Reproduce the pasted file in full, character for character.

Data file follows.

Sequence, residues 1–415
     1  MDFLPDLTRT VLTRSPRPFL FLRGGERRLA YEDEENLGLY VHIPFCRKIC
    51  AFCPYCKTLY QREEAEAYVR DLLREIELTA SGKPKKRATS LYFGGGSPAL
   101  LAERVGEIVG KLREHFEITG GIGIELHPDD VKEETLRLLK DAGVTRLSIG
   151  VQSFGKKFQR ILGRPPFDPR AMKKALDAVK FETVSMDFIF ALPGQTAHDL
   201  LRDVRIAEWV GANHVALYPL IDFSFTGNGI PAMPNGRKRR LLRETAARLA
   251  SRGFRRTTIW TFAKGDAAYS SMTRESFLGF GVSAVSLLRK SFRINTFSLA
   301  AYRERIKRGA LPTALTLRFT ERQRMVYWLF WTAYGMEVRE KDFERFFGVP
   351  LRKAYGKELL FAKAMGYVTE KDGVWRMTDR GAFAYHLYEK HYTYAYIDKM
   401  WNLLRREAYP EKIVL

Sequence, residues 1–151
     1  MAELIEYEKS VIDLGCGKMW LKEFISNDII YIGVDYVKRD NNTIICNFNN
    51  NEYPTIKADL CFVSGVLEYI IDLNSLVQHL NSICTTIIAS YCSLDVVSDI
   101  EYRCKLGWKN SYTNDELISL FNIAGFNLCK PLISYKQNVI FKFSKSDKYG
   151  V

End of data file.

Sequence, residues 1–415
     1  MDFLPDLTRT VLTRSPRPFL FLRGGERRLA YEDEENLGLY VHIPFCRKIC
    51  AFCPYCKTLY QREEAEAYVR DLLREIELTA SGKPKKRATS LYFGGGSPAL
   101  LAERVGEIVG KLREHFEITG GIGIELHPDD VKEETLRLLK DAGVTRLSIG
   151  VQSFGKKFQR ILGRPPFDPR AMKKALDAVK FETVSMDFIF ALPGQTAHDL
   201  LRDVRIAEWV GANHVALYPL IDFSFTGNGI PAMPNGRKRR LLRETAARLA
   251  SRGFRRTTIW TFAKGDAAYS SMTRESFLGF GVSAVSLLRK SFRINTFSLA
   301  AYRERIKRGA LPTALTLRFT ERQRMVYWLF WTAYGMEVRE KDFERFFGVP
   351  LRKAYGKELL FAKAMGYVTE KDGVWRMTDR GAFAYHLYEK HYTYAYIDKM
   401  WNLLRREAYP EKIVL

Sequence, residues 1–151
     1  MAELIEYEKS VIDLGCGKMW LKEFISNDII YIGVDYVKRD NNTIICNFNN
    51  NEYPTIKADL CFVSGVLEYI IDLNSLVQHL NSICTTIIAS YCSLDVVSDI
   101  EYRCKLGWKN SYTNDELISL FNIAGFNLCK PLISYKQNVI FKFSKSDKYG
   151  V